If the stealthy 2012 launch of Amazon Supply was the company’s initial bet on B2B ecommerce, the announcement of the new Amazon Business program means they’re all-in.
This is an interesting, potentially game-changing, development; one that should serve as a wake-up call to B2B wholesalers and distributors that have fallen behind the curve, and a spark for others to speed up the pace of digital transformation. Two things are certain: Amazon sees enormous potential in the B2B space, and they certainly aren’t bluffing.
Amazon Business starts from an enviable position. Beyond the business customer base they’ve built through Amazon Supply and nearly universal brand recognition, they benefit from the fact that many of their potential business end users (i.e. purchasing managers) are already customers of the consumer-facing site and are familiar with the site’s functionality.
But Amazon isn’t satisfied serving up the status quo with a slightly altered logo. They’ve adapted Amazon to serve many business-specific needs. Some of the features of Amazon Business include:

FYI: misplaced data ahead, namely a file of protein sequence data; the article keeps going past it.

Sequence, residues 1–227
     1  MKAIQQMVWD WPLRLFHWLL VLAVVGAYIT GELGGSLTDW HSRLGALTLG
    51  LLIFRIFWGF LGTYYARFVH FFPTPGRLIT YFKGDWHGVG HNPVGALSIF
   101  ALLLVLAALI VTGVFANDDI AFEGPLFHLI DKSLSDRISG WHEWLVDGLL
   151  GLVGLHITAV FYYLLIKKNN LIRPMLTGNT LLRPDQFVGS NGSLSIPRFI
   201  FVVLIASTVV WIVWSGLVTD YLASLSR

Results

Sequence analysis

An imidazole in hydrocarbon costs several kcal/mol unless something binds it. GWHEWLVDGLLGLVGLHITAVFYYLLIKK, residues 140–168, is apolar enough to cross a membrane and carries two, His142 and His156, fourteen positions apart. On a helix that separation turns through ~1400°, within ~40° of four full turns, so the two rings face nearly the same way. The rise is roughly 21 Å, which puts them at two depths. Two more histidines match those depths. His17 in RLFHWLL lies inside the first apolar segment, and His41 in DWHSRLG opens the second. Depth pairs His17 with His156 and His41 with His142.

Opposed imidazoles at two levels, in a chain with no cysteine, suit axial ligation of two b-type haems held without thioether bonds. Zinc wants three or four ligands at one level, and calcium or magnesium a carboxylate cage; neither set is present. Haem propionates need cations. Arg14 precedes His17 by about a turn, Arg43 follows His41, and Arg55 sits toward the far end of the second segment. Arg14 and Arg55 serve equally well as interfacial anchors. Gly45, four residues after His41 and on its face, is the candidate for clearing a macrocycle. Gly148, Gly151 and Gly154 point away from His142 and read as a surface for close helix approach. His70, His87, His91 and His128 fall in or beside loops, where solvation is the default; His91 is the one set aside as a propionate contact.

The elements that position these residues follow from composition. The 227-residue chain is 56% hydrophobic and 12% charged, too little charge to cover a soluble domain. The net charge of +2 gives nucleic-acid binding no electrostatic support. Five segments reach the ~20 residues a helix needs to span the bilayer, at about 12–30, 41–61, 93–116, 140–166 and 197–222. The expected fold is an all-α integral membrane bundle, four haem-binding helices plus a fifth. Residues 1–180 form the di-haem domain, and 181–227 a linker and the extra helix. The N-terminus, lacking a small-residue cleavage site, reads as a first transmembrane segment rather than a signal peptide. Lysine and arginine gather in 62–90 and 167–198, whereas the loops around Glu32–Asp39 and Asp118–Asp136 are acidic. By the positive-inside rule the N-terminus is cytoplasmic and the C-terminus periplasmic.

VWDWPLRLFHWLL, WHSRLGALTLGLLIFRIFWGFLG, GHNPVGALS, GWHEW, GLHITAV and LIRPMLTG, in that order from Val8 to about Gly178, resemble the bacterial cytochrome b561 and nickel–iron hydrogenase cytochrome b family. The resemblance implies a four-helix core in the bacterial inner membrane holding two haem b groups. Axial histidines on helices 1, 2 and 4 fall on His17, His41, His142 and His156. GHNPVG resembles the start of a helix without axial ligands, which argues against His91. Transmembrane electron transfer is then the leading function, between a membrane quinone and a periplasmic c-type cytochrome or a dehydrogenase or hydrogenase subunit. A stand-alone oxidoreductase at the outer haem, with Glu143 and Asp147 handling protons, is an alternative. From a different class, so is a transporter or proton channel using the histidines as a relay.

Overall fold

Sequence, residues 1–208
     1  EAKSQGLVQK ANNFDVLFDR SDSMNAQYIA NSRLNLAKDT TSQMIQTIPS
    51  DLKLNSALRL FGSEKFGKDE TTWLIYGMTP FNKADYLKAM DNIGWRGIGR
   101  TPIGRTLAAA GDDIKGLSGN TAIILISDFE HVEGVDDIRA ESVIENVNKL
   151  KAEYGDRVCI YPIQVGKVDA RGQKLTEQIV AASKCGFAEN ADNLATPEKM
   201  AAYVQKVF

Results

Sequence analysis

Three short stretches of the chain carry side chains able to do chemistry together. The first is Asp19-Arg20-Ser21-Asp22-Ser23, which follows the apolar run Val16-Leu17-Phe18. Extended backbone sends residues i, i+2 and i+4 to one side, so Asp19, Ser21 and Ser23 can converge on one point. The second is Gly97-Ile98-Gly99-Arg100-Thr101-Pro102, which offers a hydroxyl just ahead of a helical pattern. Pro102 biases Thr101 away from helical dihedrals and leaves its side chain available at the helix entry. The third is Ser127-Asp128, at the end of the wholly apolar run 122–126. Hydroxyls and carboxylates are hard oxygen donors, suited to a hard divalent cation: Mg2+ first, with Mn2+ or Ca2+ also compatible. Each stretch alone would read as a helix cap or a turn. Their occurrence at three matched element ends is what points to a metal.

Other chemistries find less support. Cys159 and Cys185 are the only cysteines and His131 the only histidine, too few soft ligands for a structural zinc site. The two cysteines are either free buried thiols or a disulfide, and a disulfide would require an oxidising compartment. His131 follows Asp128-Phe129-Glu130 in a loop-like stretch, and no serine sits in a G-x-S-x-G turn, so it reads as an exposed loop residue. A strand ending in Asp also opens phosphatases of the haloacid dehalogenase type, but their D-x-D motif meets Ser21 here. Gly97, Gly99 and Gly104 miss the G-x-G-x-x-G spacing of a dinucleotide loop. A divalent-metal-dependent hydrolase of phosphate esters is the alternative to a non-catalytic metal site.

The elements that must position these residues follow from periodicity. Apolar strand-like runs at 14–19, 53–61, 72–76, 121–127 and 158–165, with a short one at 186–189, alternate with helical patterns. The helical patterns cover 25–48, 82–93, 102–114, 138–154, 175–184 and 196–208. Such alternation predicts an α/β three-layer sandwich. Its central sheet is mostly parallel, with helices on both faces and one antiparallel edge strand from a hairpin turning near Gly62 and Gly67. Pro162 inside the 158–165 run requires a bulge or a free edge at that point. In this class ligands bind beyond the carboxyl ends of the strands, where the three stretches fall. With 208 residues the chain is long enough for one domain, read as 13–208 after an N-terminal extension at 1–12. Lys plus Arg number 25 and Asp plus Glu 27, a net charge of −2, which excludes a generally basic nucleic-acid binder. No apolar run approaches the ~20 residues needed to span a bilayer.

- A catalog of over 200 million items, 20 million of which qualify for free 2 day shipping
- Business-only pricing (largely being fought over by 3rd party Amazon sellers) on select products
- Multi-user/group accounts
- Purchasing approval workflows
- Support for purchase orders and tax exemptions
- Business lines of credit
- Loaner robotic worker program
That last point isn’t true, but there is probably a team at Amazon working on it.
So, what are Amazon’s B2B competitors to do? Innovate. This isn’t simply a technology issue. It’s about aligning technology with people and business processes to form holistic multichannel/omnichannel commerce solutions that create, or accentuate, a business’ value proposition.
Amazon has the benefit of scale, but to a certain extent they lack the agility to act quickly and can’t deliver the level of hands-on service other organizations can provide. There is also the sheer size of the B2B economy, which offers room for growth for market leaders. So, there are plenty of opportunities and reasons for hope, but the time to act is now.
For more detail on the launch of Amazon Business, and the business drivers behind this aggressive move, read this TechCrunch article.